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Logic 8 Logic and iMovie audio?

Discussion in 'Logic 8' started by pfloyd714714, Aug 25, 2010.

  1. pfloyd714714

    pfloyd714714 Senior member

    I'm a teacher and wish to make a film for my students. The audio functionality in iMovie 09 is atrocious. In David Pogue's "iMovie '09" manual, he suggests using GarageBand for audio editing. I don't know squat about GarageBand, but I've used Logic for a few years (since version 6). I've never used it to work with video, however.

    I gather from the Logic reference manual that if I import the edited movie from iMovie, I can also import the audio from that footage. From there I can add narration, music, sound effects, etc. on separate tracks.

    My question, though, is what do I do after all sound editing, and the film itself, is finished? GarageBand has options including "Export to Disk" which creates a QuickTime movie file. It also includes a "Share" menu for sending the movie to iDVD, which is what I'll want to do. Does Logic have a similarly simple function? This isn't Hollywood--it's a middle school history class. (Sorry for any glazed eyes and shores that mental image may have caused.)

  3. zerobeat

    zerobeat Senior member

    I bounce the audio to a WAV file, and then use QuickTime Player to marry the audio with the video. But Apple has recently removed that feature from QuickTime, so I have to stick with Quicktime 7.x. Note that you need QuickTime Pro (which comes with Logic Studio 8 or 9 anyway) to do this. Just make sure the bounce starts at the same timepoint as the movie file.

    Logic 9 has a feature that allows to bounce the audio directly into the movie, but I've never used it (since I had been doing it the other way for about 12 years).
  4. georgelegeriii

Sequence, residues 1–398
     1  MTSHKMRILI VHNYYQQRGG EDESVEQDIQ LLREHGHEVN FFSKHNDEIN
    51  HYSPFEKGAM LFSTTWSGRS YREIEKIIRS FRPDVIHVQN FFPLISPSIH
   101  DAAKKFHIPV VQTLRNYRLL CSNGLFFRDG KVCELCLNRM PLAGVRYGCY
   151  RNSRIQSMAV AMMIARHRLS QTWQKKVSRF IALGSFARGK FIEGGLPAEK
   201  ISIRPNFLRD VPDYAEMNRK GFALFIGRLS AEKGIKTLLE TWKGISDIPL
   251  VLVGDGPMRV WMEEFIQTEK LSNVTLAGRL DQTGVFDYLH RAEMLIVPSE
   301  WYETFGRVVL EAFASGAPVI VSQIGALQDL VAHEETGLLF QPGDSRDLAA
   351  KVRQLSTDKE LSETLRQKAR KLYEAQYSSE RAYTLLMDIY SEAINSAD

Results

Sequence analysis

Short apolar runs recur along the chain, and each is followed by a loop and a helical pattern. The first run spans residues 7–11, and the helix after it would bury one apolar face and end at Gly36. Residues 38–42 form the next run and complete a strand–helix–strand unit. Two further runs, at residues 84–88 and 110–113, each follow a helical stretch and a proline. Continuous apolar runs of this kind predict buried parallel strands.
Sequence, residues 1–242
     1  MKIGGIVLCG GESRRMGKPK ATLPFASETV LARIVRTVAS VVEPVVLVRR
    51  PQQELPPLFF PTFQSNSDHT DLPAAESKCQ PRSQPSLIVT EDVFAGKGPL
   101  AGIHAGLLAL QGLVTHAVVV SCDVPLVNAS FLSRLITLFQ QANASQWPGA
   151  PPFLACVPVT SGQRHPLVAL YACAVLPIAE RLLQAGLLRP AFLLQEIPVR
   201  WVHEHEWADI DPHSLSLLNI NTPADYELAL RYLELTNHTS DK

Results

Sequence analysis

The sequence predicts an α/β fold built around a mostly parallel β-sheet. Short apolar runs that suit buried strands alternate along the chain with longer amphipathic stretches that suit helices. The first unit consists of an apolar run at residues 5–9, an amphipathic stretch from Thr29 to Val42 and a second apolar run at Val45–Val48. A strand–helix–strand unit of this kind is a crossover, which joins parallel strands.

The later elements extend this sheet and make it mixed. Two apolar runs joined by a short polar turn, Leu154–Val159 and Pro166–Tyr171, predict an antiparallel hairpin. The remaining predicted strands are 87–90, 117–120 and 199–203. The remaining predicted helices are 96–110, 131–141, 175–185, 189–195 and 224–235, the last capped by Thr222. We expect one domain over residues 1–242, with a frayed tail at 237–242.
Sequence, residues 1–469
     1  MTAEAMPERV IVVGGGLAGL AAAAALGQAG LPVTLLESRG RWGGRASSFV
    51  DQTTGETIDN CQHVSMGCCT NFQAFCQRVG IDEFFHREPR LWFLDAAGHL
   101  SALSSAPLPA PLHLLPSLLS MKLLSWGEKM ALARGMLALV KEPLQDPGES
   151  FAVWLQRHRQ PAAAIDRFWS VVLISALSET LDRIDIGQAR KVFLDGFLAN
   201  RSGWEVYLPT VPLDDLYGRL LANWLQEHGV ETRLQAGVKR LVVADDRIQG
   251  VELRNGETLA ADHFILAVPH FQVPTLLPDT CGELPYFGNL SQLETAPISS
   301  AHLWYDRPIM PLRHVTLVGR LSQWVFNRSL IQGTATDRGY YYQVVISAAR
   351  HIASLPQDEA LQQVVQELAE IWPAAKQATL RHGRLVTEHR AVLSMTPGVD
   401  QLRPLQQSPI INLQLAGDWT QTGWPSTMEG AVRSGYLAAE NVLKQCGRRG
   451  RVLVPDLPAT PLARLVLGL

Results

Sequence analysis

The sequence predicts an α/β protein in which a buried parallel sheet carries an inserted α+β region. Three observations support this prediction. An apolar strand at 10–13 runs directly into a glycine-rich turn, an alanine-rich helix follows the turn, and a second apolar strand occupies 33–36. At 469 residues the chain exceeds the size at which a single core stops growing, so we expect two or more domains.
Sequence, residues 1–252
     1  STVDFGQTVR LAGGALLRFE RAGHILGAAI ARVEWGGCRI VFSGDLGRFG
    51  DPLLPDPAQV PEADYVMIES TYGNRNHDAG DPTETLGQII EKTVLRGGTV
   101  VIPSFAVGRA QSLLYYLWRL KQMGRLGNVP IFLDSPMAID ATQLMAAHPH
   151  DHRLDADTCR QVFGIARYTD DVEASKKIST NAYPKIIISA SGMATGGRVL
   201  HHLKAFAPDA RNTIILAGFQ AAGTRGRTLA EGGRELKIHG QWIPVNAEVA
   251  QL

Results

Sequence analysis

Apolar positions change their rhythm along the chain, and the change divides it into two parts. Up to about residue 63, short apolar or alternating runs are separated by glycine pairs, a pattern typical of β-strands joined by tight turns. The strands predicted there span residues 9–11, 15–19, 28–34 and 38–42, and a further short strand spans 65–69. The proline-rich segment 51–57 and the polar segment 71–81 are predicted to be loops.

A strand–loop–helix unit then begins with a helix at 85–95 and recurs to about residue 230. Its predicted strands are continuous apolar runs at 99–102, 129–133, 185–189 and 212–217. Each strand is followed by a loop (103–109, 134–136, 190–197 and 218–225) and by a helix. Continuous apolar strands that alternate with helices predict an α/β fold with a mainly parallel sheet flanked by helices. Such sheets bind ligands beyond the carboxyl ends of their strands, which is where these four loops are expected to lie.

georgelegeriii Senior member

    Upgrade to Logic 9 if you can, it is better for a number of reasons, the main one being that it does the bounce back to movie perfectly...

    A few things to consider:

    Make sure you have the correct sample rates so everything stays in sync.. and do that before you import the movie into Logic. Forget GB, it's not very good for this kind of thing.. I've used Logic for this very thing, and it works pretty darn good.

    You need to make sure to either import the audio that is in the movie, or mute it... it will mess you up if you don't. importing is the better way I think.

    You will have multiple audio tracks in your movie if you use the bounce to movie feature... I suggest opening up your movie in QT Pro and delete the audio that is there after you import it into your new Logic session, so you don't have this problem... that one took my by surprise the first time I did this... I had to disable the original audio to hear my new mix.

    Good luck,
  5. sonnykeyes

    sonnykeyes Senior member

    When you "Export Audio to Movie" (as I believe it's called in the menu) if the original movie still has an audio track in it, you get a dialogue asking you which tracks you wish to keep in your exported movie. If you have already imported the audio from the movie (your best option, because you can mix everything the way you want it) then clicking away from the text in the box to deselect the audio track then you won't be including it with your final export. If you didn't import the audio from the movie already and are just playing it from the movie window in your Logic project, then leave it selected when you export and it will be mixed with the audio from your Logic project. HTH
  6. Doug Zangar

    Doug Zangar Senior member

    I do this stuff a lot creating my tutorial videos and it works fine in Logic 8 and 9 (you don't say what version you're using - can't remember back to Logic 7).

    As Sonny mentions, go to the main File menu>Export audio to movie. You'll then get a Sound Settings window (set to taste) and then a save window. After that you get the very counter-intuitive window (IMHO) that asks you to select what audio tracks that came with the movie you'd like to keep. It already pre-selects a track. So as mentioned above, just click in the background of the window to de-select the original audio file so it is not included in the new movie - assuming you've imported the audio from the movie. I agree with Sonny - this is normally the preferred way to work for this type of work.
  7. pfloyd714714

    pfloyd714714 Senior member

    Thanks to all who replied.

    I've worked this little 26-minute movie for a few days and will likely finish up today. This is the first time I've used Logic for voice-over, sound effects, etc. and it's been so much more flexible than, for instance, the sound options in iMovie HD. Hopefully I'll have no further questions after today's work. (And, hopefully, my students will like the thing.)

    Thanks again.


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